AB-stacked ZnO bilayer

Upon the graphene-like ZnO bilayer, there are two possible stacking configurations, i.e. AB or AA stacking. Fig. 1(a) displays the optimized structures and electronic band structures of AB-stacked ZnO bilayer. The interlayer distance is 2.43 Å and AB-stacked ZnO bilayer is nonmagnetic semiconductor with a direct band gap of 1.45 eV at Γ point, consistent with previous theoretical calculations.28
image file: c4ra02517b-f1.tif
Fig. 1 The optimized structures and the calculated band structures of (a) pure, (b) hydrogenated, (c) fluorinated and (d) H and F co-adsorbed ZnO bilayer with AB stacking. The red, grey, white and blue balls represent O, Zn, H and F atoms, respectively. The Fermi level is marked by a dashed line. The bellow in (b) is the partial charge density distribution of the α and β bands crossing the Fermi level. The bellow in (a), (c) and (d) is partial charge density distribution of the corresponding α and β bands, respectively. The isosurface value is 0.01 e Å−3.

As shown in Fig. 1(b), different from the perfect AB-stacked ZnO bilayer, the hydrogenation of AB-stacked ZnO bilayer's surfaces induce a spontaneous binding of Zn atoms between two layers and a heterointerface with only Zn–Zn bonds is formed. Note that H atom prefers chemically adsorb on the top site of O atom. Each Zn atoms forms three Zn–Zn bonds with neighboring three Zn atoms in the neighboring layer and two ZnO layers still keep their AB stacking. The optimized bond lengths of Zn–O, Zn–Zn, and O–H are 2.12, 2.75 and 0.98 Å, respectively. As shown in Fig. 1(b), the calculated band structure indicates that hydrogenated ZnO bilayer is metallic. Two bands (labeled with α and β) cross the Fermi energy level with large dispersion. The bellow in Fig. 1(b) shows that the charge density of the extended α and β bands are mainly contributed by Zn atoms in the heterointerface. Test calculation with the screened hybrid HSE06 functional confirms the metallicity of hydrogenated ZnO bilayer with AB stacking (see Fig. S1(b)). To further investigate the stability of the hydrogenated ZnO bilayer with Zn–Zn heterointerface, we calculated the interaction energy between two ZnO sheet with or without hydrogenation. The interaction energy is defined as EIE = Eup + EdownEbilayer, where Eup is the total energy of up ZnO layer with or without H/F adsorption, Edown is the total energy of down ZnO layer with or without H/F adsorption, Ebilayer is the total energy of ZnO bilayer with or without H/F adsorption. For the pure ZnO bilayer with AB stacking, the interaction between two ZnO sheets is van der Waals interaction and the calculated interaction energy is as low as about 0.29 eV. Note that the weak interaction can't be described accurately with pure DFT calculations and DFT method with dispersion calculation may present improved results on binding energy. The hydrogenation of ZnO bilayer's surface definitely strengthens this interaction via forming Zn–Zn chemical bonds. The calculated interaction energy between two ZnO sheets in hydrogenated ZnO bilayer is about 1.23 eV per supercell, indicating the forming Zn–Zn heterointerface has high thermal stability.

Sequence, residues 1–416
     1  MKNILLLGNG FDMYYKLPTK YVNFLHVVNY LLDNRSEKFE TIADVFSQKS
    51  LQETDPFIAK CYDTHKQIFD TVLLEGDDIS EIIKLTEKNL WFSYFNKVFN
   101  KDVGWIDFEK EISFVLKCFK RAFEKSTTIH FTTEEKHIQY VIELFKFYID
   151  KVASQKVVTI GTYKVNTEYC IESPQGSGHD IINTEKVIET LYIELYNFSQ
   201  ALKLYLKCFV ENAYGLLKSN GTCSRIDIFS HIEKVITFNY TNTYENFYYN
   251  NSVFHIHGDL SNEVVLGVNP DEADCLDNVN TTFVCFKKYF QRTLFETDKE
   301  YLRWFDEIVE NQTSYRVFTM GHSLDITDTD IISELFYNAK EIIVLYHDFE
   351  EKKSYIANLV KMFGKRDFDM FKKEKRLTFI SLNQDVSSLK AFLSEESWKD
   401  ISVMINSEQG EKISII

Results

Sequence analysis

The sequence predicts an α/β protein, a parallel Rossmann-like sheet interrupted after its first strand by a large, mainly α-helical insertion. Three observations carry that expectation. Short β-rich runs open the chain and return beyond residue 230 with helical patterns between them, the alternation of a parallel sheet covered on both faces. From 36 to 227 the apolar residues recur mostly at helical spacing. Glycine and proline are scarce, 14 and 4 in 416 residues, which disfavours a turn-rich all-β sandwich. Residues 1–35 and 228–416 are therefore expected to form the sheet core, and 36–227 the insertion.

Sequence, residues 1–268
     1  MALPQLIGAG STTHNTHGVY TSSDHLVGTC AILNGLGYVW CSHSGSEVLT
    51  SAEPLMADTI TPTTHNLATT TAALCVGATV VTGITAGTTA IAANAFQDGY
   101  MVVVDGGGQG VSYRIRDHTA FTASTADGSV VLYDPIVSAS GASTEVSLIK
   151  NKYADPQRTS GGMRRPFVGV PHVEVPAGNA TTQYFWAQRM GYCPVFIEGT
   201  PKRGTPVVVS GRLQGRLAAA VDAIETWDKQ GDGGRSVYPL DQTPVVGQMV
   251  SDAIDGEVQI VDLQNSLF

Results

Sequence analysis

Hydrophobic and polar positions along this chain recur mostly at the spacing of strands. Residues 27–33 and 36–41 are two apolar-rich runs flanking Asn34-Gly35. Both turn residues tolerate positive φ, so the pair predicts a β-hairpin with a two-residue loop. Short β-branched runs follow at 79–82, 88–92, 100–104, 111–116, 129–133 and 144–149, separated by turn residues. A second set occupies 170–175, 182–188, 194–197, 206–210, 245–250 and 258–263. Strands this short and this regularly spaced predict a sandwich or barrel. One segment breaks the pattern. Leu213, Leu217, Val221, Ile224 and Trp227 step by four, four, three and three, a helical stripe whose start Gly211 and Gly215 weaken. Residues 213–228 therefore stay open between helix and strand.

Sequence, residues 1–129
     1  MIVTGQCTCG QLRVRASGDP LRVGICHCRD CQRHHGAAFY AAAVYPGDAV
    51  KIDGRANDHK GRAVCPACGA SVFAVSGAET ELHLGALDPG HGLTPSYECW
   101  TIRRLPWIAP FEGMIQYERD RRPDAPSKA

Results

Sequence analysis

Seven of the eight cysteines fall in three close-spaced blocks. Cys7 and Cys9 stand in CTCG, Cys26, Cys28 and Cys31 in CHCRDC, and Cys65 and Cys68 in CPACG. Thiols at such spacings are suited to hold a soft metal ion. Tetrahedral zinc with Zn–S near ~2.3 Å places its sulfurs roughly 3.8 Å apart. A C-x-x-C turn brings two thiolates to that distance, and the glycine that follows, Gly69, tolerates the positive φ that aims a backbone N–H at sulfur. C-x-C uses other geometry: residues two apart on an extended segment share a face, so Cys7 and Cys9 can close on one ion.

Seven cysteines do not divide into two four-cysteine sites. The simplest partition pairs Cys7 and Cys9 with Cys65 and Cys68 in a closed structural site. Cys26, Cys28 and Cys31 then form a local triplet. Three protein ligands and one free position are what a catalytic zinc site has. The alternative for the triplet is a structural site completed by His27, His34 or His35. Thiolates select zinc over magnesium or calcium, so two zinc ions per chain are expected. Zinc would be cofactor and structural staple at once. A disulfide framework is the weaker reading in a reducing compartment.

Differently, the fluorination of AB-stacked ZnO bilayer leads to the spontaneous formation of O–O heterointerface in ZnO bilayer, as shown in Fig. 1(c). F atoms adsorbed on the hollow site of ZnO hexagon rings and pulls out three Zn atoms from its original planar. The average bond length of Zn–F bonds is 2.09 Å and the O–O bond length in heterointerface is 1.48 Å. The calculated interaction energy between two ZnO sheets in fluorinated ZnO bilayer is 2.01 eV, which is larger than that in the hydrogenated ZnO bilayer with AB stacking. The calculated electronic structure shows that the fluorinated ZnO bilayer is a semiconductor with a direct band gap of 1.50 eV, as shown in Fig. 1(c), which is slightly larger than that of pure ZnO bilayer (1.45 eV). The partial charge density analysis shows that the highest valence band (α) mainly comes from the p orbital of the O atoms in the interface, and Zn's d and F's p orbitals have minor contributions. The lowest conduction band (β) is also mainly contributed by the p orbital of the O atoms in the heterointerface, and the s orbital of the O atoms in the interface and F's p orbital have minor contributions, as shown in the bellow of Fig. 1(c).